The New Jersey courts have played an active role in refining and developing the Megan's Law scheme. See In re G.B., 685 A.2d 1252 (N.J. 1996); In re C.A., 679 A.2d 1153 (N.J. 1996); Doe v. Poritz, 662 A.2d 367 (N.J. 1995). In Doe, the New Jersey Supreme Court upheld the constitutionality of Megan's Law and read into the statute and Guidelines certain additional procedures designed to prevent any "excessiveness of community notification." 662 A.2d at 381. First, the Court added the "likely to encounter" the registrant restriction to Tier 2 notification. Id. *fn4 As a result of the Doe decision, a prosecutor who has classified a registrant in Tier 2 must make an "individual determination" concerning the appropriate institutions and organizations to include in the notification program he creates. Id. As articulated in the Guidelines, "[t]he decision as to which groups should appropriately be notified should be made on a case-by-case basis, following careful review." Guidelines at 11. There is no "automatic inclusion of an organization simply because it is `registered' "with the local law enforcement agencies; rather, "likely to encounter" requires "having a fair chance to encounter" the registrant. Doe, 662 A.2d at 385. The Guidelines interpret the Court's articulations to mean that the types of interactions which occur at the location and their attendant circumstances must demonstrate that contact with the offender is "reasonably certain." Guidelines at 6-7. They provide, for example, that if a registrant regularly stops at a gas station merely to refuel, there would not be a "fair chance to encounter" him there. Id. at 7.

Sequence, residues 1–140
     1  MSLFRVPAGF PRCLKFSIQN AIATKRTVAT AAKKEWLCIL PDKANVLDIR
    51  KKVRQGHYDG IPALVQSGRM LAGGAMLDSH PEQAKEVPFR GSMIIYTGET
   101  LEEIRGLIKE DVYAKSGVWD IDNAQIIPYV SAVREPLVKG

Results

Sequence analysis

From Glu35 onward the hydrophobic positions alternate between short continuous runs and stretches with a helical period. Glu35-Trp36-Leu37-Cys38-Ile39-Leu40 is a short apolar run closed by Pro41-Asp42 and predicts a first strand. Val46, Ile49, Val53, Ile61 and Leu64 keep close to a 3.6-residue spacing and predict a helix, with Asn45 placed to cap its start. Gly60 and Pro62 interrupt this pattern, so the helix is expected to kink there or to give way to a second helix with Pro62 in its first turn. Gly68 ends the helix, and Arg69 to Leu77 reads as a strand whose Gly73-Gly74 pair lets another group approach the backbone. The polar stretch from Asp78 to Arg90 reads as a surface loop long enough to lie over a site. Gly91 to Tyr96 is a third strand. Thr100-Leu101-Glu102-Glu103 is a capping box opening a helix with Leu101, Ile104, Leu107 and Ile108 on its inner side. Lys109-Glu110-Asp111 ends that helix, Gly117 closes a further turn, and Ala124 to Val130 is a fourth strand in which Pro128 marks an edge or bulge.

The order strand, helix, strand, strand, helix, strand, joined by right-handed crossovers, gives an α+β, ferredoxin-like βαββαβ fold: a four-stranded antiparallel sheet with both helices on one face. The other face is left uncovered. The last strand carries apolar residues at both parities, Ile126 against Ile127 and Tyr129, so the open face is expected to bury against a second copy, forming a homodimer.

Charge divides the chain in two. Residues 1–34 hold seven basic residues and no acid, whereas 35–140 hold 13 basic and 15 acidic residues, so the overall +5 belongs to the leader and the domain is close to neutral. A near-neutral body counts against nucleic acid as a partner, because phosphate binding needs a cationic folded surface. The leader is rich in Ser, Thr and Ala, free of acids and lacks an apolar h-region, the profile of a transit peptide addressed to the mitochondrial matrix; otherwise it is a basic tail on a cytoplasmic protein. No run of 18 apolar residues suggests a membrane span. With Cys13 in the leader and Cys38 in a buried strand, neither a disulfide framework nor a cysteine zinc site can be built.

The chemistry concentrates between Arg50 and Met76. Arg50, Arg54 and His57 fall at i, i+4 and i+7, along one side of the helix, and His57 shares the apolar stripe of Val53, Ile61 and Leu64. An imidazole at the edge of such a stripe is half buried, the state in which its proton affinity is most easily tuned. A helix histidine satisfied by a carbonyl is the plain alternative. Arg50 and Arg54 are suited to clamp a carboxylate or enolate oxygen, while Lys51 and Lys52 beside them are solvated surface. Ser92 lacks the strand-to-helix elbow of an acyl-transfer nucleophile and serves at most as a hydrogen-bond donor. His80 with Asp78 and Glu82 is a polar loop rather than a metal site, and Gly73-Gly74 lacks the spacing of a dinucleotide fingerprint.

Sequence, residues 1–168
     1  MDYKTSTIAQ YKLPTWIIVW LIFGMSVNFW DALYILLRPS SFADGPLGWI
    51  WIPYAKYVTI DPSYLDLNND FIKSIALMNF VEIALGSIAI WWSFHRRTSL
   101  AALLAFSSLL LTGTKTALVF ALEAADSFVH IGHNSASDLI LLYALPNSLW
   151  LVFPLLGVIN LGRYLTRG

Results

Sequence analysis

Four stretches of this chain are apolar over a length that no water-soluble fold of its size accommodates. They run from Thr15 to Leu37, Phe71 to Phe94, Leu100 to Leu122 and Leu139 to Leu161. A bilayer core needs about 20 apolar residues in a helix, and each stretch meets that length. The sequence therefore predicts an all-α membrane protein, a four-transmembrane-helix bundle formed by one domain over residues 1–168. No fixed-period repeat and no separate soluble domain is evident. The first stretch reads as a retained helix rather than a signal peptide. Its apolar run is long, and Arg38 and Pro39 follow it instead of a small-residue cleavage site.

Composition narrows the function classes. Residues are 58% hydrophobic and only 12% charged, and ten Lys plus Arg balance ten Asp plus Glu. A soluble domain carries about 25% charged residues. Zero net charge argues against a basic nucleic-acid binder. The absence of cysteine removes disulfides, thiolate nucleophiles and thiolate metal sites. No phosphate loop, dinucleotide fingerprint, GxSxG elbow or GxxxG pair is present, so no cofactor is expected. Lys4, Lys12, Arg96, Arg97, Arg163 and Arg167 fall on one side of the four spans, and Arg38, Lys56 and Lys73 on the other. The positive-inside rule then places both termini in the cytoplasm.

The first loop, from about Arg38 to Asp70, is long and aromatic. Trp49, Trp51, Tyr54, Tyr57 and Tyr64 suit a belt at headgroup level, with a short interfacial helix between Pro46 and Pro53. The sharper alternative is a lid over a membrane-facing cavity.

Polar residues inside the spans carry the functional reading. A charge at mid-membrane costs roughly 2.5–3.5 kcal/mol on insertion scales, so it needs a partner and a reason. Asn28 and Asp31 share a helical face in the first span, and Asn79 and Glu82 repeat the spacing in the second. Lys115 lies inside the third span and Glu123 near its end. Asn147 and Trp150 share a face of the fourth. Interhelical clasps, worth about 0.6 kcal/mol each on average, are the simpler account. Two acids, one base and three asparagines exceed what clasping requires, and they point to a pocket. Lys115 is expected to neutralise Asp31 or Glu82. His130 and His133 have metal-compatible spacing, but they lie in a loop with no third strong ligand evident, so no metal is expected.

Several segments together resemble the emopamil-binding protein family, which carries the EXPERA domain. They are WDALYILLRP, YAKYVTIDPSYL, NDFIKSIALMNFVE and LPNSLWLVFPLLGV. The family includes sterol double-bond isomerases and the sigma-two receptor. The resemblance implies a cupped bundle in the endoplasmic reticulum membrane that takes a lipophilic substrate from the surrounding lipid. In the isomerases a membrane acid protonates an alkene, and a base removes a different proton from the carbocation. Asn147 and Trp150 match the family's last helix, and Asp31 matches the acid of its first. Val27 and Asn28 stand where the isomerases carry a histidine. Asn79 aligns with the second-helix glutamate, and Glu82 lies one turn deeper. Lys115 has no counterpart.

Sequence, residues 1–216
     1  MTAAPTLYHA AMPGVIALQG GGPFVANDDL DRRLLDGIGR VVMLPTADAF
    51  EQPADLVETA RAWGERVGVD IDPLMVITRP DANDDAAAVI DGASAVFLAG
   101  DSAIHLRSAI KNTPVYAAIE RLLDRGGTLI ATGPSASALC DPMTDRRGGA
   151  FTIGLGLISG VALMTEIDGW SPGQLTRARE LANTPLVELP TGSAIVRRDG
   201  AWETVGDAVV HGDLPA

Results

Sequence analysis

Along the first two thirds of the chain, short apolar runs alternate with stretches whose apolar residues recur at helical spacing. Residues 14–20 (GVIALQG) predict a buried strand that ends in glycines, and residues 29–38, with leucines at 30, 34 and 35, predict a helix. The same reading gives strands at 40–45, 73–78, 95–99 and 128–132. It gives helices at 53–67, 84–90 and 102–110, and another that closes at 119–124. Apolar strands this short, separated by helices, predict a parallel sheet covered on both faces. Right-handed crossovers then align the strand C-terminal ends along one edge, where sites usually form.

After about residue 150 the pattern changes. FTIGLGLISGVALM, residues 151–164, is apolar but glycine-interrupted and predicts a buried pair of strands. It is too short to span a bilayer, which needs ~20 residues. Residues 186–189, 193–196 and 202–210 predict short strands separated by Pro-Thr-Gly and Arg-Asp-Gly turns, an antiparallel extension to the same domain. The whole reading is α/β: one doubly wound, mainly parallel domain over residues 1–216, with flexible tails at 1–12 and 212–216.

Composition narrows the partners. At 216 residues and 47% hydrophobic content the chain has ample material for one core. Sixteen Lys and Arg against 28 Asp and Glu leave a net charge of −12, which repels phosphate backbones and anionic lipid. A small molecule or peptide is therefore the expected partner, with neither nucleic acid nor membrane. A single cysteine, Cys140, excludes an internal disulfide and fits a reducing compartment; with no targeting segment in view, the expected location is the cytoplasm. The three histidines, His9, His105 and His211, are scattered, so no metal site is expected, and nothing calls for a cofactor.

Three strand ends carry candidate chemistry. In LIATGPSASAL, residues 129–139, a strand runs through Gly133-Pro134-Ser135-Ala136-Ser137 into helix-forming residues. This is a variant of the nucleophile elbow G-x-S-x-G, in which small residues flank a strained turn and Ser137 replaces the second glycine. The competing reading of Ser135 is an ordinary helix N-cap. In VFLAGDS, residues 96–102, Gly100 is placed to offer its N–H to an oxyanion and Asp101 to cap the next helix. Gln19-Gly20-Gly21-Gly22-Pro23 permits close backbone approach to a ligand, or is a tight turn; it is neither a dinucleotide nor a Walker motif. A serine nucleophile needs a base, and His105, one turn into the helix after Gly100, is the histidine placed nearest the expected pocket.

Ordinarily, the "critical" factor for " `likely to encounter' is geography--how close is the institution or organization, in the case of Tier Two notification, to the offender's residence or place of work or school." Doe, 662 A.2d at 385. However, the New Jersey Supreme Court explained: